HOUSTON, Texas (KTRK) -- Gun laws and gun control have been one of the many hot topics in politics. With the presidential election approaching, could there be a trend every two years, not just in the conversation but an increase in the number of background checks for gun sales?
In 2020, federal background checks for gun sales in the State of Texas were up 92% in March while in the midst of the pandemic compared to February, according to FBI data released on April 1. Texas saw 274,211 background checks in March compared to 142,928 in February.
Nationwide, the data released also showed there were 3.7 million background checks for gun purchases in March across the U.S. It's the highest number under the background check program ever, dating back to late 1998.
Now, new data released showed that following the increase in March, there was a decrease in background checks for guns in April (197,343) and May (179,192) but another spike in June (227,232). In the months leading to this year's election, not including October, data shows that background checks decreased from 213,969 in July, to 188,091 in August and 178,136 in September.
With the exception of the months following the pandemic, background checks in September were still the highest they've been since December 2017.
Across the country, in September, there were 2.8 million checks for purchases. Data also showed that five states saw more than double the number of background checks in the same month last year and 31 states saw an increase of more than 50% from the same month last year.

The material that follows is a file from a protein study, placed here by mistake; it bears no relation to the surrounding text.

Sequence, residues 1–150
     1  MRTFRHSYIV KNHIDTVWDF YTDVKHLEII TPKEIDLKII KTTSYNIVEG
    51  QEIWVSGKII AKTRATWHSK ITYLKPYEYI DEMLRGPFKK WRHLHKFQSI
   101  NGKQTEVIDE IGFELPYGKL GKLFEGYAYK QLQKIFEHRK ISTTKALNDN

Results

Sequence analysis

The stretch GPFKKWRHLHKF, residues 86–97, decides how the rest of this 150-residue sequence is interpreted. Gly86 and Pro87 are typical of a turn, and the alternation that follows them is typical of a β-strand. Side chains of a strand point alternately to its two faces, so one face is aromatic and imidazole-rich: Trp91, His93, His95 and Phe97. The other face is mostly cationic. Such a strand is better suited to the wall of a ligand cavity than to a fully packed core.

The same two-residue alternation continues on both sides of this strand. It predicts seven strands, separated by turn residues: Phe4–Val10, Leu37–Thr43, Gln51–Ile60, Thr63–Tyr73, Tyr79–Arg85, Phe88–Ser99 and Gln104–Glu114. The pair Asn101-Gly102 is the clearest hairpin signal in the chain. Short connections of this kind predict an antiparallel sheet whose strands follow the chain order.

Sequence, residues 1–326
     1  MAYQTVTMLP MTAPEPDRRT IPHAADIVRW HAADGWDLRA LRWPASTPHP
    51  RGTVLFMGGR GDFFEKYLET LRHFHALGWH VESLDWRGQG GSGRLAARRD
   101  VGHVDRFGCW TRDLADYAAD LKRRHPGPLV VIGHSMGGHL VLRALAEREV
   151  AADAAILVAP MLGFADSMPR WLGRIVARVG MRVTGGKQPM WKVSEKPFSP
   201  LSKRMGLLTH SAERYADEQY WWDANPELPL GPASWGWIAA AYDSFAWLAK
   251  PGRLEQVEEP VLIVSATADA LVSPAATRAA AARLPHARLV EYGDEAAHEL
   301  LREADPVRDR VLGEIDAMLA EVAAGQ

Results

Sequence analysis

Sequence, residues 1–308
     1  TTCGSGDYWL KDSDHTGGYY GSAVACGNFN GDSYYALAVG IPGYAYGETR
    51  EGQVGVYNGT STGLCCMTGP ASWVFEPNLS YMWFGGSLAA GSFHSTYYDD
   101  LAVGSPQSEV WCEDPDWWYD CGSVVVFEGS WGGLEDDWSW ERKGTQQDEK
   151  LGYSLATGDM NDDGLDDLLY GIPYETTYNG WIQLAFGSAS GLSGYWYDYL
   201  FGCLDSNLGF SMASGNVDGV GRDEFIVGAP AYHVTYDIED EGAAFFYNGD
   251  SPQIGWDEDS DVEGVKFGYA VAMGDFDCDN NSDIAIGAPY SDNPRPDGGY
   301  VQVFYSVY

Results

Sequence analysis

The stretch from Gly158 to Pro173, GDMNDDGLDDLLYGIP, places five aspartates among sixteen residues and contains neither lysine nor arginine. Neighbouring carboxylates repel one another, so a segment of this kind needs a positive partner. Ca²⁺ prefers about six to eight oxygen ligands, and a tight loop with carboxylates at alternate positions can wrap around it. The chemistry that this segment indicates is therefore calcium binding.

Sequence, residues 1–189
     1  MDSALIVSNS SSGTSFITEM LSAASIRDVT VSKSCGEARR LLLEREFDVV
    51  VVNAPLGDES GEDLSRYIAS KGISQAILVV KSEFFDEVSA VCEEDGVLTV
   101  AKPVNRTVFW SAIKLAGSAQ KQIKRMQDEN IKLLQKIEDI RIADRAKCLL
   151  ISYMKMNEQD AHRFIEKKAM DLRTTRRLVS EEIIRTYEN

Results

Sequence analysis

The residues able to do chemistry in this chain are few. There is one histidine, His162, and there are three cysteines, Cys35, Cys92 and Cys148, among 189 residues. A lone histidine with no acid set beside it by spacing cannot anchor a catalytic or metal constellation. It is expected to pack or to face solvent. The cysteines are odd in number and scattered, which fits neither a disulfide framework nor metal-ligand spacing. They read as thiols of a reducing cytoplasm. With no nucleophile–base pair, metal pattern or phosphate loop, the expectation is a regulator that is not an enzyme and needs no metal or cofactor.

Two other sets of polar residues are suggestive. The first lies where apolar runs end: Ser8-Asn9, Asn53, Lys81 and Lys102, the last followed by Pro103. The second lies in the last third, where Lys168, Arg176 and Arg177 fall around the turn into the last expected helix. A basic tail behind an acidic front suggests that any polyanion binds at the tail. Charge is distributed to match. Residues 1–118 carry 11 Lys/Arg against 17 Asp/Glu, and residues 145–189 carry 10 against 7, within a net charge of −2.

In 2019, a non-election year, background checks were not as high. Texas had 133,647 background checks in August; 121,718 checks in September, and 121,299 in October.
Take a look at background checks in previous years dating all the way back to 2015.
In 2018, we saw nationwide at least 1.8 million background checks in September before the midterm elections.
Gun control was one of the major topics surrounding the 2018 U.S. Senate race between Ted Cruz and Beto O'Rourke. In Texas, there were about 121,366 background checks, which were about 13,361 less than in August, where the state had 134,727 background checks.
Both candidates discussed gun control during a debate where Cruz tried to say O'Rourke wanted to abolish the Second Amendment. In that debate, the Democrat said it wasn't so. O'Rourke said Texas was ready for a senator who will protect the Second Amendment while imposing small restrictions to save lives and prevent mass shootings.
After that debate, in October, data showed that background checks in Texas went down to 112,356.
In 2017, another non-election year, Texas had 110,946 checks in August, 128,260 in September, and 129,869 in October.
In the month leading up to the 2016 presidential election between Donald Trump and Hillary Clinton, Texas had a 1% increase in background checks between September and August where the numbers went from 124,608 to 126,694. The biggest spike was from September to October where there was a 14% difference.
The video above is from a previous story.
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